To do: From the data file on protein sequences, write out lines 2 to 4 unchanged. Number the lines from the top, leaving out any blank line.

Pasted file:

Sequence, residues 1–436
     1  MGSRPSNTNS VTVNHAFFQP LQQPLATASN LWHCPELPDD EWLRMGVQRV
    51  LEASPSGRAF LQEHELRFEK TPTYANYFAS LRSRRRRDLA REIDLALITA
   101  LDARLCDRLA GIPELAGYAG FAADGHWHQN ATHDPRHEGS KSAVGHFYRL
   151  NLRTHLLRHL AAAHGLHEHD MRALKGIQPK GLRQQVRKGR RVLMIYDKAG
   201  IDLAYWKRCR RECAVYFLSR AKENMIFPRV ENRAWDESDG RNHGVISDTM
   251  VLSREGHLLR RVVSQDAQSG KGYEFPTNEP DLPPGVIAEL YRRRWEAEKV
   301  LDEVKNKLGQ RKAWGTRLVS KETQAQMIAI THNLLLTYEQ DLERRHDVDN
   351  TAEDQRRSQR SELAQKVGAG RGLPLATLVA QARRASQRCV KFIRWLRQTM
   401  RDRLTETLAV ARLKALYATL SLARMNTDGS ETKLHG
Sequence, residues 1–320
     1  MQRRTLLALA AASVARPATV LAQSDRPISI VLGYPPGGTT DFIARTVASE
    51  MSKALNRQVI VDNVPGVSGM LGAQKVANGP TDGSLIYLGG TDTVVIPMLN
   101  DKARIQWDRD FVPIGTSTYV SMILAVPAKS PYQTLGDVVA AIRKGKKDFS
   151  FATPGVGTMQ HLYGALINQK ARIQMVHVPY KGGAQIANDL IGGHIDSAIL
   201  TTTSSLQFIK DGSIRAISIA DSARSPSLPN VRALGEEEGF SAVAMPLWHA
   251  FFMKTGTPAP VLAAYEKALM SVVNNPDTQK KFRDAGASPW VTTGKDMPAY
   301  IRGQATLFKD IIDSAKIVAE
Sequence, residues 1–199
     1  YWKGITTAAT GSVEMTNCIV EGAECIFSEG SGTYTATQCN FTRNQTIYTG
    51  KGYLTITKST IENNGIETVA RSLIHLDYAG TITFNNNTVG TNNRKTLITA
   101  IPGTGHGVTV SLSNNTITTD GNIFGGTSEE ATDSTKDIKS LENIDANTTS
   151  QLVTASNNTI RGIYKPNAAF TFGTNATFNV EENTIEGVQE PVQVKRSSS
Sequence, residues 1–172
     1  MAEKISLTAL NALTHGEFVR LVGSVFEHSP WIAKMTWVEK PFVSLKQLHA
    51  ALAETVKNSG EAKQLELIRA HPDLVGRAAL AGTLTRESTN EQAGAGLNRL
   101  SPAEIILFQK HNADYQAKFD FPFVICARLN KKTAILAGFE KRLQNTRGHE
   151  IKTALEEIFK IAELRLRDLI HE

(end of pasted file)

     1  MGSRPSNTNS VTVNHAFFQP LQQPLATASN LWHCPELPDD EWLRMGVQRV
    51  LEASPSGRAF LQEHELRFEK TPTYANYFAS LRSRRRRDLA REIDLALITA
   101  LDARLCDRLA GIPELAGYAG FAADGHWHQN ATHDPRHEGS KSAVGHFYRL